Director Kacie Lucchini Butcher discusses the UW–Madison Public History Project — "a multi-year effort to uncover and give voice to those who experienced, challenged and overcame prejudice on campus" — as it builds toward a public exhibit in fall 2022.
‘It prepared me so well’: First graduate of precollege program for Native students reflects on time at UW–Madison
Williams was a sophomore at Seymour Community High School in 2014 when he was in the first cohort of ITA students from the Oneida and Lac du Flambeau communities. He is the first to graduate from UW–Madison.
“It is with gratitude and a deep sense of responsibility that I take on this new role,” says Charleston, a clinical professor of higher education at UW–Madison who also completed two degrees here.
“The projects ... stand to produce real-world, actionable knowledge about how programs, policies and practices can be leveraged to reduce inequalities in U.S. society,” says Associate Vice Chancellor Lonnie Berger.
The site was highlighted by Voice of America’s Tibetan news as an example of how linguistic diversity and inclusion are recognized and honored by the university.
More than a footnote: Remembering the life of William S. Noland, the first known Black graduate of UW–Madison
Noland, a member of the first Black family to establish permanent residence in Madison, received his UW degree on June 17, 1875.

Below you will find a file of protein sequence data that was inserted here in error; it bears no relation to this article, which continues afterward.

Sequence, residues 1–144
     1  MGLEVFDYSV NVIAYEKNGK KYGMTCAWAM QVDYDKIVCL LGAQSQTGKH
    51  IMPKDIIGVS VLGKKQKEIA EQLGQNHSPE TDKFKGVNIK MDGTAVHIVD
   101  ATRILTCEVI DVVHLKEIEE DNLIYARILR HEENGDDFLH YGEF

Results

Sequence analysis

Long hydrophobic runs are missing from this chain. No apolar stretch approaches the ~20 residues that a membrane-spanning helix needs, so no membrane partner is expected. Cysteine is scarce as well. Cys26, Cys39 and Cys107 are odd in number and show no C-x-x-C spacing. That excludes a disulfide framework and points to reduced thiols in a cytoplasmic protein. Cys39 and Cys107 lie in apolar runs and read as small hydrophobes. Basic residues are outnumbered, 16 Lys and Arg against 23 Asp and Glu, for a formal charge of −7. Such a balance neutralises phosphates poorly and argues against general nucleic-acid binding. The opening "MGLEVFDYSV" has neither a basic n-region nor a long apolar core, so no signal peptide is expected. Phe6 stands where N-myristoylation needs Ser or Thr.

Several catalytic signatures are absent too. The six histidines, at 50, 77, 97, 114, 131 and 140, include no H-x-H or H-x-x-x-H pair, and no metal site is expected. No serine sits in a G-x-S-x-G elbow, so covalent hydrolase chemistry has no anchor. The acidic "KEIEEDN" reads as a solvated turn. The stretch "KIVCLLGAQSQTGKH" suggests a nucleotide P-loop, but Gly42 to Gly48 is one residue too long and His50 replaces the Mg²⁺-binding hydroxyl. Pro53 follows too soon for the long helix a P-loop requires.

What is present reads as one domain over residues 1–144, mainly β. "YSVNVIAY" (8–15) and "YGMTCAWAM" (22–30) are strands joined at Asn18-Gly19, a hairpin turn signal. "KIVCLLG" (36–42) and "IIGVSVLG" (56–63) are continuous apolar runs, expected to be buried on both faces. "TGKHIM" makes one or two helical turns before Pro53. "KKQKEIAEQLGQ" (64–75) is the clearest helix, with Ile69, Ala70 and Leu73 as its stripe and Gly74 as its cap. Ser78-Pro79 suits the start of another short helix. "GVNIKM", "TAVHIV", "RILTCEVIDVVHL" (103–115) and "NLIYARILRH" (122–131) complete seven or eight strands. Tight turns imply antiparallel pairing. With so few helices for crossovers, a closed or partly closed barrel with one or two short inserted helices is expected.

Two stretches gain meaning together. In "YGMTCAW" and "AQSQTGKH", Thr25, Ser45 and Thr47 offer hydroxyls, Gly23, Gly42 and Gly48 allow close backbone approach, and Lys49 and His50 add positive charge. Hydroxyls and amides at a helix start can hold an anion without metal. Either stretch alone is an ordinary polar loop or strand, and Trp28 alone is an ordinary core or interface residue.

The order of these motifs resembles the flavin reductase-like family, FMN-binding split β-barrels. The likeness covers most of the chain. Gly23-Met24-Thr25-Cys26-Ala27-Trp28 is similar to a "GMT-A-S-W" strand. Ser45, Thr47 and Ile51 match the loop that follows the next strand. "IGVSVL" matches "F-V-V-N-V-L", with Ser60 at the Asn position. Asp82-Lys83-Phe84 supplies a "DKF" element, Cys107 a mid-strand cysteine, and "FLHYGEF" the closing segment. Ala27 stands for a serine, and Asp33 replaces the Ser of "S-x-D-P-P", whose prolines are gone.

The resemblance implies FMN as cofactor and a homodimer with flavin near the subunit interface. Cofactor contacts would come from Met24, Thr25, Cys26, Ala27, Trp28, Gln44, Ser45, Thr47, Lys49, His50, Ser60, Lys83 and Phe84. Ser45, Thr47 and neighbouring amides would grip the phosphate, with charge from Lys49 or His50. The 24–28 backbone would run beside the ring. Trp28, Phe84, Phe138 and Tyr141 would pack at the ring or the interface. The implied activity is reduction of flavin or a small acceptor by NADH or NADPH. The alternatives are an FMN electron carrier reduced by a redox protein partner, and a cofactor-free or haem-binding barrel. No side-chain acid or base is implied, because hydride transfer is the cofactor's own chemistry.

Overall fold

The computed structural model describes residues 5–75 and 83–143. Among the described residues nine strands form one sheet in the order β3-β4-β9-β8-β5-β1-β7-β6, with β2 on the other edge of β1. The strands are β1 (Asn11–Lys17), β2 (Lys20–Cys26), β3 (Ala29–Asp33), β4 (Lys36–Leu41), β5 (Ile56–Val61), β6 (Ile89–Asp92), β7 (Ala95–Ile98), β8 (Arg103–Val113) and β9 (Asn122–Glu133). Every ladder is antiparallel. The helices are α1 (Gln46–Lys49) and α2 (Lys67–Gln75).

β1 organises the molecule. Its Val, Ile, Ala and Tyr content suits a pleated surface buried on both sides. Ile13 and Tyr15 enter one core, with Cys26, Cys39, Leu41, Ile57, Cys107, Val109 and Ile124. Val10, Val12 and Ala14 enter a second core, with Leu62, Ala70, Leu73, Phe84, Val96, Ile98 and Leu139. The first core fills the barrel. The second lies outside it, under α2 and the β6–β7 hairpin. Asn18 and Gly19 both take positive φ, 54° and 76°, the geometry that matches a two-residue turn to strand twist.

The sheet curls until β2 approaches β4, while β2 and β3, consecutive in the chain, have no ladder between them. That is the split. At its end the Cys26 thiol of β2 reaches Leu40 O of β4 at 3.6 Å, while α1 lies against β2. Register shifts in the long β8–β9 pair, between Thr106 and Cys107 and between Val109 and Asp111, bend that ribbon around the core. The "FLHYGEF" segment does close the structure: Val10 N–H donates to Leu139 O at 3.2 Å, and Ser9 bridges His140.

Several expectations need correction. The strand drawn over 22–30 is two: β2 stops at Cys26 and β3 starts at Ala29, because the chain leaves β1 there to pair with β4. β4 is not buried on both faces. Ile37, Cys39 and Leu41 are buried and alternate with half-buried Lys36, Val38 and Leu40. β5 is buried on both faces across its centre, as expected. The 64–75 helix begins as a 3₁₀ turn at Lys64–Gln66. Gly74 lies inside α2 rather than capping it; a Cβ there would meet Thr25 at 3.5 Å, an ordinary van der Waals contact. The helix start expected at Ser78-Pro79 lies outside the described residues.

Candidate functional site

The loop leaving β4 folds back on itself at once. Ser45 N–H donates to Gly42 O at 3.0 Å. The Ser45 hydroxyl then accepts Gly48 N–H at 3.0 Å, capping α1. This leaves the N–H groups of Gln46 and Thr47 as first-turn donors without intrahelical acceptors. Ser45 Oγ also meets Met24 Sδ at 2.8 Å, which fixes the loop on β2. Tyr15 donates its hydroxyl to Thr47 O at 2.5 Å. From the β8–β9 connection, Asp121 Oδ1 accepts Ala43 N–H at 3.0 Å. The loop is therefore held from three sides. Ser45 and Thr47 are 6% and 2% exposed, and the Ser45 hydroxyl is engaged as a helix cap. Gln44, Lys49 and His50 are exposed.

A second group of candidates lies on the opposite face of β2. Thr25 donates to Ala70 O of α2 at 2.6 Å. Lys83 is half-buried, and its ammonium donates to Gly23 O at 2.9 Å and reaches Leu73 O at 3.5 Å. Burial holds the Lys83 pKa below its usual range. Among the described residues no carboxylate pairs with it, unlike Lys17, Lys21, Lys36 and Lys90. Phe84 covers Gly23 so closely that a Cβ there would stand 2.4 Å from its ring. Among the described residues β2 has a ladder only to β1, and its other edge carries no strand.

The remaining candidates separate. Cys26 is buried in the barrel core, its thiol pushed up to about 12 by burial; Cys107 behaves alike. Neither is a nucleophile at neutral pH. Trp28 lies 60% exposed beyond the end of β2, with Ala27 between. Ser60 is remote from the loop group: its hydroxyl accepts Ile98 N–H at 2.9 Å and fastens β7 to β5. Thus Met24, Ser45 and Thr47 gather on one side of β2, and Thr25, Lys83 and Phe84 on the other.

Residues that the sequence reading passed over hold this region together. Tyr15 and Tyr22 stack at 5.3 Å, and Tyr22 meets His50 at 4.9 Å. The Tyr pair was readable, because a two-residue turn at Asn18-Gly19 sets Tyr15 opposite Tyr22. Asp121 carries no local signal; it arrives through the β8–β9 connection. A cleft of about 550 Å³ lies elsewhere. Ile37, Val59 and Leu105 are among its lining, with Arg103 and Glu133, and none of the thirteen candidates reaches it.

Raimey is believed to have been the first African-American woman to graduate from UW–Madison. And that is just the beginning of her story.
USA Today ranked the UW law and creative writing professor as one of “100 Black novelists and fiction writers you should read."
Free entrepreneurial training program cultivates new businesses launched by women and people of color, contributing to Wisconsin’s economy
The thirteenth cohort of Outstanding Women of Color awardees will be honored at a virtual reception on Wednesday, March 3, 2021 at 6 p.m. CST…
Black history can mean appreciating an influential figure who lived long ago, or a deeply personal present-day connection. UW students tell what it means to them.
Badger Precollege is ramping up for an all-online summer 2021, revising options and ready to offer an array of programs for a wider diversity of students — from advanced learning and STEM classes to music clinics and college readiness programs.
The program empowers graduates to change teaching, learning and policy by harnessing vast amounts of educational data that will help guide decisions and improvements in education to bridge the equity gap.
The project will not only add critical perspectives and missing facts to the historical record, but will also help combat ongoing racism and bias.